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Employment and Epilepsy

Having epilepsy does not mean that you can’t get a job, continue in a job, or be excellent at what you choose to do.

Making choices

Having epilepsy may have little or no effect on pursuing a rewarding career. Although there may be some restrictions in certain careers (e.g. bus drivers, pilots) for safety reasons, there are many options in employment choices.

In some cases, uncontrolled seizures, the side effects of medication, or the inability to drive, may alter employment decisions. Some people with epilepsy have found that starting a business, job sharing, or working as part of a co-op offers alternatives.                                         

If your seizures do prevent you from working, there are many ways to use your skills including volunteering, developing a hobby, or pursuing an artistic talent.

Discrimination

Although the public is becoming more knowledgeable about epilepsy, people with epilepsy sometimes face discrimination and/or an under-utilization of skills in the workplace.  Although physical disabilities are protected grounds under human rights legislation and the Canadian Human Rights Act does not allow discrimination by an employer due to a disability such as epilepsy, a lack of knowledge about the condition may result in a bias on the part of an employer. An employer may have concerns over safety, reliability, or liability yet studies on individuals with epilepsy in the workplace do not support those concerns.

Each province and territory has legislation intended to protect the rights outlined in the Canadian human rights laws. Anyone who has experienced discrimination in the workplace because of a disability may file a complaint with the Human Rights Commission in the appropriate province or territory.

Under Canadian human rights law, however, it is not considered discriminatory on the part of an employer if an act taken by an employer is considered to be reasonable and justifiable under the circumstances. Employers are not expected to hire or continue to employ a person whose disability notably increases the probability of health or safety hazards to himself or herself, other employees, and/or the public. For instance, an individual subject to epilepsy-related seizures may not be suited to safely working on heights or driving a truck. It is the responsibility of the employer to demonstrate that the individual’s disability would threaten his or her safety or the safety of others.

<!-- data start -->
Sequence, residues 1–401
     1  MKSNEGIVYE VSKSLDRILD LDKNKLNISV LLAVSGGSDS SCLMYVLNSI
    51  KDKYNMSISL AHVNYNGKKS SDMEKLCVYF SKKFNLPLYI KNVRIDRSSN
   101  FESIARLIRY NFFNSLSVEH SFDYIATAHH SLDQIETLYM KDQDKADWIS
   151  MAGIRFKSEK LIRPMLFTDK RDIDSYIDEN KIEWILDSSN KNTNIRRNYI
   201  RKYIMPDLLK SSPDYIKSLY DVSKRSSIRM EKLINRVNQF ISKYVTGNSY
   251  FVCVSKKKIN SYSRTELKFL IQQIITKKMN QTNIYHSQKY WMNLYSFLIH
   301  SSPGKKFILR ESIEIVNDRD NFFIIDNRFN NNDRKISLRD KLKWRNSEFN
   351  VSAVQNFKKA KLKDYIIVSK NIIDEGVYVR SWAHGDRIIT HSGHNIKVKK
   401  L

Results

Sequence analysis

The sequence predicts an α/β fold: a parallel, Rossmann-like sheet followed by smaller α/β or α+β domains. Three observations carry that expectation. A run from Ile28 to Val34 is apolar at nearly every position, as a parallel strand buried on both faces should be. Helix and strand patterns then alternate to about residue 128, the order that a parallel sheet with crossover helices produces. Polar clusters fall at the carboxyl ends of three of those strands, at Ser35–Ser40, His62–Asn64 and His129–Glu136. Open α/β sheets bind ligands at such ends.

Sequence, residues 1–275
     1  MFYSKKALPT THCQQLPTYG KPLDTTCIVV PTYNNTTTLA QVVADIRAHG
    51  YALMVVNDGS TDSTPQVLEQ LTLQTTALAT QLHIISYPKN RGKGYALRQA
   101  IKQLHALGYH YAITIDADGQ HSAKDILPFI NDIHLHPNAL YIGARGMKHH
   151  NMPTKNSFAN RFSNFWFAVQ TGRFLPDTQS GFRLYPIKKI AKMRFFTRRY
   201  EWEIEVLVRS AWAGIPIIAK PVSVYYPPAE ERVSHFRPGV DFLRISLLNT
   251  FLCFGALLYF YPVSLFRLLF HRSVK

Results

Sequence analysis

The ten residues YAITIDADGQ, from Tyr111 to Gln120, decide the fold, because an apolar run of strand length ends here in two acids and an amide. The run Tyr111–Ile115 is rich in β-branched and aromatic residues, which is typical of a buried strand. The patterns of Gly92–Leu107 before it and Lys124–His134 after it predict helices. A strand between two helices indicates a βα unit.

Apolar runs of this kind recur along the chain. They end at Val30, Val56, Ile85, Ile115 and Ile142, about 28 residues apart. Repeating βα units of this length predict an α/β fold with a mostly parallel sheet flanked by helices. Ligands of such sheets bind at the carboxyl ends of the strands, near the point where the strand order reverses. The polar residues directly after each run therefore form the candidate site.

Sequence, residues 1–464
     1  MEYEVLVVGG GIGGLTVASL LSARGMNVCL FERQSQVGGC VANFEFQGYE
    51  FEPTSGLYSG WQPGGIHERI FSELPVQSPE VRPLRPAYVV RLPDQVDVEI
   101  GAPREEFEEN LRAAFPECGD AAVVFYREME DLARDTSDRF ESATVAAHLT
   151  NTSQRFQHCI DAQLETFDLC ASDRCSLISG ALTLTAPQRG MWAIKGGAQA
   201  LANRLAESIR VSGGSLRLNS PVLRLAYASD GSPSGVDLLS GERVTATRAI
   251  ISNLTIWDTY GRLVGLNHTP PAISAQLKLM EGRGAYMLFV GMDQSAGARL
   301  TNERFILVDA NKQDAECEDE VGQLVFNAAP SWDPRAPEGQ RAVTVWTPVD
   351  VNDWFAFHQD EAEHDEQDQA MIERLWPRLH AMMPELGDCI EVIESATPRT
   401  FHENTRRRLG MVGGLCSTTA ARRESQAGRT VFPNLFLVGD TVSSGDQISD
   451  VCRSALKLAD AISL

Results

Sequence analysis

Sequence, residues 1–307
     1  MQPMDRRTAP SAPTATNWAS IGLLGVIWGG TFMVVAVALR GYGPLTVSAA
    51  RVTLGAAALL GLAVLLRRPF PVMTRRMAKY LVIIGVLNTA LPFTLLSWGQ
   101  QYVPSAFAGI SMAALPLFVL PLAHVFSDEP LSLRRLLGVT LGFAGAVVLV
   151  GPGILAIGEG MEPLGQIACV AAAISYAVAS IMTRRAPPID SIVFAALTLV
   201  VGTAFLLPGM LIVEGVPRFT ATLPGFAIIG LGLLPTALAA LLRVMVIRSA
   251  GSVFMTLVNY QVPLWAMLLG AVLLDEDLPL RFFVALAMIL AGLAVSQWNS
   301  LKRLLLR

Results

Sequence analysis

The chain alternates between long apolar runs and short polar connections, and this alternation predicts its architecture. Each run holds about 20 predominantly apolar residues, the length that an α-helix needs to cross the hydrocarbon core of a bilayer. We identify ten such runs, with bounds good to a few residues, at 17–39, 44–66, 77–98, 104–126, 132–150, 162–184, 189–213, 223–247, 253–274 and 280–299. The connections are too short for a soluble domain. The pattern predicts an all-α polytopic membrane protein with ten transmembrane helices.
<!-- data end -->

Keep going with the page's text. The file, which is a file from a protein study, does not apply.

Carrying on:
Duty to Accommodate

Accommodation is the process through which a worksite is modified to remove barriers for a person with a disability. Under the Canadian Human Rights Act and under some provincial codes, it is the duty of employers to make reasonable efforts to accommodate individuals with epilepsy in the workplace unless such accommodation would cause undue hardship. Accommodation can be as simple as moving furniture in an office or allowing you to trade work with another employee. Details on how safety can be improved in a job through reasonable accommodation are available through local organizations offering employment assistance for persons with disabilities and through The Canadian Council on Rehabilitation and Work (CCRW).

Applying for a job

In some provinces, legislation restricts pre-employment inquiries. For example, in Alberta, it is your decision how or when or whether you disclose your epilepsy to an employer. Employers are not allowed in job applications or in interviews to ask about an applicant’s physical condition. Contact the Human Rights Commission in your province or territory for information regarding disclosure.

When applying for a job, find out about the legislation in your area. Then consider the advantages and disadvantages of disclosing your condition and make your decision.

For example, being open about your epilepsy in a job interview may focus too much emphasis on your condition but it will have the advantage of giving you peace of mind.

Telling an employer that you have epilepsy after you have started working provides you with the opportunity to prove yourself first but the employer may feel that you have not been honest.

If you would like to find out more about the advantages and disadvantages of disclosure regarding employment, contact your local epilepsy association.




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